a philosophy blog

Sacred purview and insistence

Notes on:
Mary Anne Warren, “On the Moral and Legal Status of Abortion”

Warren wants to establish that the status of the unborn fetus is not that of a participant in a moral community with attendant rights. It is important to her case that the issue of abortion for a woman is not primarily about control over her body and whatever is attached to it. Physical attachment to one’s body, of itself, gives one no moral rights to kill the unwanted trespasser any more than if we were talking of real estate. Even trespassers have a right to live. Fetuses do not, however: at least none comparable to that of the women who carry them. This is because fetuses are not yet even persons—which Warren will define as being integrated members of a moral community.

[The refusal on Warren’s part to apply the picture of property rights (viz. the Lockean “sacred purview” so dear to male political and legal theory) as a basis for her claim that a fetus may be aborted without moral fault is significant. Fundamental to her definition of what it means to be a person is the idea of relationship or embeddedness in a larger network of moral agents. This communitarian perspective is native to women; whereas that of the primacy of the sacred purview idea is, for them, an acquired taste, if that.]

Warren distinguishes two definitions of “human”:

1. “a full-fledged member of the moral community” (the moral sense),
2. and any member of the biological species, homo sapiens, (the genetic sense).

What must be established to make aborting a fetus morally problematic is that the fetus is human in the first sense, not merely the second.

Who is the “moral community”? Warren suggests the community of beings (homo sapien or not), i.e., “people” with at least these basic traits:

1. consciousness
2. reasoning
3. self-motivated activity
4. capacity to communicate
5. presence of self-concepts or awareness

Any entity, such as a fetus, that satisfies none of these criteria is not a person. (At least some animals and small children may meet some of these requirements.)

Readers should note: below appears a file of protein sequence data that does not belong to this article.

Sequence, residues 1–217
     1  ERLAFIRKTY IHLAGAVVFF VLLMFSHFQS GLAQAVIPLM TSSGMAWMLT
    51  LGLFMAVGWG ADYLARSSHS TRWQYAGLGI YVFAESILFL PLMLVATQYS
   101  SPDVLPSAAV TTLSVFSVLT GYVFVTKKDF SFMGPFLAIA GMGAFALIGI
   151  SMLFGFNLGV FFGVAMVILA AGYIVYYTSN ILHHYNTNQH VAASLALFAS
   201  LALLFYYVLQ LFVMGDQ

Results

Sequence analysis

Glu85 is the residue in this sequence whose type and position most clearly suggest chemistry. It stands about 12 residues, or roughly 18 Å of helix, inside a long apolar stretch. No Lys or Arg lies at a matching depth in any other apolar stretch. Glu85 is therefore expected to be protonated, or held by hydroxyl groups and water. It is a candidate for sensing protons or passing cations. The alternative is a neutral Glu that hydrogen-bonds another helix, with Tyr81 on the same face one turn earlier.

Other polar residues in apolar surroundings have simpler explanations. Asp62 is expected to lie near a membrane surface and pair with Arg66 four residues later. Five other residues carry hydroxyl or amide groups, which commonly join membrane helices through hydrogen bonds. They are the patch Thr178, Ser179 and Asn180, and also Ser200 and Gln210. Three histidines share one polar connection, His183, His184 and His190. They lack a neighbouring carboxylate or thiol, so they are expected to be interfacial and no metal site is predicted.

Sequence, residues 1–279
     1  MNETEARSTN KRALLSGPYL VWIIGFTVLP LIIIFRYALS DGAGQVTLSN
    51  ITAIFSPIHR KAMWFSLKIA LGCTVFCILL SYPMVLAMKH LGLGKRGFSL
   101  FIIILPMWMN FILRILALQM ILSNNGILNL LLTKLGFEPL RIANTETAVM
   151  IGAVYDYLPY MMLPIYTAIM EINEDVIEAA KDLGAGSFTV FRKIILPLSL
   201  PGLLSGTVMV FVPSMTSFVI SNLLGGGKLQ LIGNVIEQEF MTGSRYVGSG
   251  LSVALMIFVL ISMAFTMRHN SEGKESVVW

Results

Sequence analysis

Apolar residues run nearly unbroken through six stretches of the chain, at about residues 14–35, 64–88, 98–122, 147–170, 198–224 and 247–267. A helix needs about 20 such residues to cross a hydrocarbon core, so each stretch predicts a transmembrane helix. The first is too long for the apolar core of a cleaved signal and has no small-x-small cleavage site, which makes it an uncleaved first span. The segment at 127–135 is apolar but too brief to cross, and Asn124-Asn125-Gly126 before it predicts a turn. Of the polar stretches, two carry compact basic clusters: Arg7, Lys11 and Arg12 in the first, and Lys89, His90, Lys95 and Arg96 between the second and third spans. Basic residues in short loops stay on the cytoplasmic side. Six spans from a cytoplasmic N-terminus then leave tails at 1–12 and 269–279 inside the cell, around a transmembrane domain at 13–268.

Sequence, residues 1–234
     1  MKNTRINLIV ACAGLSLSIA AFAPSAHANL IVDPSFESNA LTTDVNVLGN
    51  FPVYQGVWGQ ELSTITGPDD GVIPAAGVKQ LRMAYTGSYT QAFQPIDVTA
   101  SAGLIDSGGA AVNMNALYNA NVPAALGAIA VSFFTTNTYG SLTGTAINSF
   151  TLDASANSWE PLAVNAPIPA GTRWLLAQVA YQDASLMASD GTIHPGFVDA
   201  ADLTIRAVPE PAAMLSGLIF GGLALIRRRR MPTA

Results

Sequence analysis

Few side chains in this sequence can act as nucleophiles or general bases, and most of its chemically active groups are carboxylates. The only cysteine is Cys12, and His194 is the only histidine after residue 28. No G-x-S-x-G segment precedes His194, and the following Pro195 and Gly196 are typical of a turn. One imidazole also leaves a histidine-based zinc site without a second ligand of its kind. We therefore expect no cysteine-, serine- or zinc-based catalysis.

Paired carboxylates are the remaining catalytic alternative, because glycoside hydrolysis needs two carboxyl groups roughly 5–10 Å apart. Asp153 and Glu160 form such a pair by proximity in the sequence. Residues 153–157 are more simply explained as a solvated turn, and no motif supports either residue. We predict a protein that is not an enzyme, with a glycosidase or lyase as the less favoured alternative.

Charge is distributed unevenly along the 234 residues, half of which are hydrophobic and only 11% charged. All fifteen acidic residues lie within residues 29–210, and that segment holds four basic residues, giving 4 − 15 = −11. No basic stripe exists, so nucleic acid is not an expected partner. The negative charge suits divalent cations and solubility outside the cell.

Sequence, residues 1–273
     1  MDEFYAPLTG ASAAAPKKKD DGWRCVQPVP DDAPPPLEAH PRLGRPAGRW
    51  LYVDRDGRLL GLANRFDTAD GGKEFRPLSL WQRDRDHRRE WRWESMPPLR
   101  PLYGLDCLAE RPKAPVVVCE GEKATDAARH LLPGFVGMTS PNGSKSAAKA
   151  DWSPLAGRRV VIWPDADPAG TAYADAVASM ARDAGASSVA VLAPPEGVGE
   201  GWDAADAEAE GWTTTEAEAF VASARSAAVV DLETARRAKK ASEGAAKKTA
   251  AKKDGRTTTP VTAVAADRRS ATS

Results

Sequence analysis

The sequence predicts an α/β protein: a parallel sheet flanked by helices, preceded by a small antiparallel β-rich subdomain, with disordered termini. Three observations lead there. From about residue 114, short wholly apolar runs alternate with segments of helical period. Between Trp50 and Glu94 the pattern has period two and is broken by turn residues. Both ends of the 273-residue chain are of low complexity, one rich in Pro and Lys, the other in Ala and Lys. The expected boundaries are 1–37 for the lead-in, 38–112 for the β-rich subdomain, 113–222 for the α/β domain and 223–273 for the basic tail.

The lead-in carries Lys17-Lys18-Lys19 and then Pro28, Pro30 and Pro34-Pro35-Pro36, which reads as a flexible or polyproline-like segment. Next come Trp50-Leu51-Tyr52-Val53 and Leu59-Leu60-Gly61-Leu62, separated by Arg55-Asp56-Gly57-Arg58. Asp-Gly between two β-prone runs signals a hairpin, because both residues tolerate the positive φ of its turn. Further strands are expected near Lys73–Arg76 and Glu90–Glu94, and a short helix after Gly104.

“…genetic humanity is neither necessary nor sufficient for establishing that an entity is a person.”

A fetus’s physical resemblance to a person, in the absence of the five traits, is no more reason to accord it rights than that of a manikin.

If we grant that an unborn fetus has some of these traits in some rudimentary form, this cannot invest it with rights comparable to those of the fully developed person who can manifest all of them that is its mother.

Does the fetus’s potential for personhood garner it any rights? It may. We do not need to insist that a potential person is a discardable object: “…but even if a potential person does have some prima facie right to life, such a right could not possibly outweigh the right of a woman to obtain an abortion, since rights of any actual person outweigh those of any potential person, whenever the two conflict.” And one actual person’s rights exceed those of any number of potential persons.*

[How far ought we to take this idea of “potential person”? Is killing a young man who potentially could impregnate a vast number of women also an act of genocide? All those who could have come into being but now, as a result of his elimination, will not…

But, you say, his sperm, in the normal course of events do not develop into persons absent the penetration of the cell wall of a human ovum. When he masturbates he is not killing thousands of potential people.

But what prevents his fertilization of hundreds of women? In fact, isn’t that what would happen in the “normal course of events”—absent social, psychological, cultural, and moral constraints? And these constraints, who is responsible for them? Are these, whoever they are, the ones, then, truly guilty of genocide? For they set up institutions that serve to thwart otherwise natural biological mechanisms resulting in the introduction of new life. They premeditatedly interfere with normal, not to say natural, processes.

Are we conflating “natural” and “normal”? It is not morally controversial to meddle with natural processes but it is to do so with normal ones? Because the latter have some basis in morality? Because they have a history of development in response to pressures to regulate the species for its own survival?… Survival? But where is the moral imperative in that?